Risks and Benefits of Alcohol Consumption
Benefits of Alcohol Consumption
Moderate alcohol consumption may lead to various health benefits to the user. First, it can prevent heart disease. There are over 100 studies, which have proven that alcohol reduces the occurrence of heart diseases such as sudden cardiac death, heart attack, peripheral vascular disease, as well as stroke arising from a blood clot. This benefit occurs to both men and women without heart diseases. The benefit can be explained scientifically and biologically because moderate amounts of alcohol lead to increased high-density lipoprotein, thus protecting the heart against diseases. The second benefit is the prevention of gallstones and two types of diabetes. (Harvard T.H. Chan, nd, 2018). The benefit is possible because moderate alcohol has been associated with better sensitivity to insulin. For heavy drinkers, however, the benefit does not accrue to them. The third benefit is social and psychological benefits. This is because drinking alcohol can improve digestion, giving a soothing respite after a stressful day. Drinking with friends occasionally can also improve the social life of a person.
Risks of Alcohol Consumption
There are various benefits associated with moderate consumption of alcohol, however, they cannot outweigh the risks. Although some people drink moderately, most people who take alcohol consume it excessively. One of the risks associated with increased alcohol consumption is liver diseases. This is due to inflammation, cirrhosis, and potentially fatal diseases, which occur in the liver due to excessive consumption. Another risk is damaging the heart muscles (Harvard T.H. Chan, nd, 2018). The damage mainly occurs due to high blood pressure, which results from heavy consumption of alcohol. Alcohol has also been linked to some cancer types. They include cancer of mouth, breasts, larynx, colon, mouth, esophagus, rectum, and pharynx. In women, alcohol also leads to increased risks of the liver as well as colorectal. According to research, each of these risks is multiplied in individuals who consume excess alcohol and also smoke tobacco.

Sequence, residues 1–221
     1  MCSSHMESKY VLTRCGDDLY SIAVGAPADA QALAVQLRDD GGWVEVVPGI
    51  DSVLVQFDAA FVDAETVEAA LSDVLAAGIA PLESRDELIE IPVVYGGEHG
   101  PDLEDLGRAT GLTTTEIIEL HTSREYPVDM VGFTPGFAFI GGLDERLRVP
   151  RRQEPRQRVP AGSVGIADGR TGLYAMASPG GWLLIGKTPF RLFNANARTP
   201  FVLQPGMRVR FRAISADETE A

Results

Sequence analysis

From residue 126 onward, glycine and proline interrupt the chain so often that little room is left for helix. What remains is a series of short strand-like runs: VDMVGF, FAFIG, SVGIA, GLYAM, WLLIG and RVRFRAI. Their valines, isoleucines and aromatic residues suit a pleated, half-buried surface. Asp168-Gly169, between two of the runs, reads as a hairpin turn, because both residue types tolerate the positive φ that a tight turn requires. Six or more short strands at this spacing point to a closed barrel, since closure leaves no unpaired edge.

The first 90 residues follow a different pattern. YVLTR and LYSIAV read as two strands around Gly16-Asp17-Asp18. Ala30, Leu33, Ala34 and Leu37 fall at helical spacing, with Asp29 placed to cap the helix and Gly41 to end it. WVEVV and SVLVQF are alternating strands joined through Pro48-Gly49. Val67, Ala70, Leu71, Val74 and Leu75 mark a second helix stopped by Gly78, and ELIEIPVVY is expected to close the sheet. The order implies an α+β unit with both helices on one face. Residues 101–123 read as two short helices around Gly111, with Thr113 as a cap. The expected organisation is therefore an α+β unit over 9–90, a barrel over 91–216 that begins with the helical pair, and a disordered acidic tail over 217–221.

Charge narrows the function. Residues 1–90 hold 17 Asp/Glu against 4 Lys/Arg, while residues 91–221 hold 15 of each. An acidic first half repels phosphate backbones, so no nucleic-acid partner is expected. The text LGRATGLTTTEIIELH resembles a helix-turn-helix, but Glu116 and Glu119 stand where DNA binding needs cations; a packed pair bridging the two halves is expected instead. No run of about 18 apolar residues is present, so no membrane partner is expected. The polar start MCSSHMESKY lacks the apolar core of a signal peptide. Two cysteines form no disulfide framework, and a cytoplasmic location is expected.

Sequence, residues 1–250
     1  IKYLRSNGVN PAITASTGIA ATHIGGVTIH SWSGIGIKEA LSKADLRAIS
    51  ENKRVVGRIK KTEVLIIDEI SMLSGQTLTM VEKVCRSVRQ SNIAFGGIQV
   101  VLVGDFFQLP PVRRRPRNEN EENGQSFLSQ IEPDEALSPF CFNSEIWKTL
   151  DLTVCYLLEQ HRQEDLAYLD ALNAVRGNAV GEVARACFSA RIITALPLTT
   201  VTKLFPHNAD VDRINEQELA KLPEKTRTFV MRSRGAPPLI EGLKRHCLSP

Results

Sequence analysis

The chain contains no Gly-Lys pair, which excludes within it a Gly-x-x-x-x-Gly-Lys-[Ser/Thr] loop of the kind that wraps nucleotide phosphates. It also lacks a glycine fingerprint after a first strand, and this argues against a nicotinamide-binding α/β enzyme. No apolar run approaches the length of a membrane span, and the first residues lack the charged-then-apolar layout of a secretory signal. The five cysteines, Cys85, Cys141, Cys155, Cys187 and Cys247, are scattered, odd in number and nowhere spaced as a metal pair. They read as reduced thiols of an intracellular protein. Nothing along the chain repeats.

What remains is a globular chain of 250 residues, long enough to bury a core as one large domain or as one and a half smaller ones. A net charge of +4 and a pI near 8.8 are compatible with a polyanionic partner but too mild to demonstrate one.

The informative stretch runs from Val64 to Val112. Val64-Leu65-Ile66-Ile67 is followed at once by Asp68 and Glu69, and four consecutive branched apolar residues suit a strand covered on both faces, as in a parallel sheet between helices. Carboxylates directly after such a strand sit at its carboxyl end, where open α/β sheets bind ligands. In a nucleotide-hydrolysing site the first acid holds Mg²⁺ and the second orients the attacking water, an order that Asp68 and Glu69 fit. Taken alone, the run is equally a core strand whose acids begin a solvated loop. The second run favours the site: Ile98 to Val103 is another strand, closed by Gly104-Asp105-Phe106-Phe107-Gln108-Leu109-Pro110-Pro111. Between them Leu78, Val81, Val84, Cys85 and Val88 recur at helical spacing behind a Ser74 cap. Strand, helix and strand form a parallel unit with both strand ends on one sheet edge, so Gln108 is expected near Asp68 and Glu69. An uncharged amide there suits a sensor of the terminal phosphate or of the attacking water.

Avoiding Potential Risks of Alcohol
Apart from avoiding the consumption of alcohol completely, there are other ways that one can adopt to minimize the risks associated with consumption of alcohol. One of the ways is eating before or after the consumption. When food is available in the small intestines, it helps to slow down the absorption of alcohol, thus slowing down its effect. According to research, fatty and rich foods minimize the process thus making it easier for the body to deal with excessive consumption of alcohol. Another way is to take alcohol slowly. The recommendable speed is for one to take one drink per hour to allow digestion and prevent drunkenness. One should also take beverages that have low alcohol contents, such as 10%. Another important way of avoiding health risks is drinking a lot of water as well as other non-alcoholic beverages (Kelly, 2017). This will help the body to remain hydrated thus alleviating the dehydration, which is caused by alcohol.
Differences in Risks of Alcohol Consumption
The risks of alcohol consumption apply to every person regardless of their age or gender. Therefore, there is no difference between my peers and the rest of the population, because each person is exposed to the same risks. However, the risks are likely to be higher in older persons, because they have less body mass. People with higher sensitivity to the levels of alcohol in the body are also at a higher risk compared to my peers (Eigenbrodt, Mosley Jr, Hutchinson, Watson, Chambless & Szklo, 2001). Therefore, as much as the risks of alcohol consumption occur in all persons, they are more likely to occur to specific groups of people in the society compared to my peers.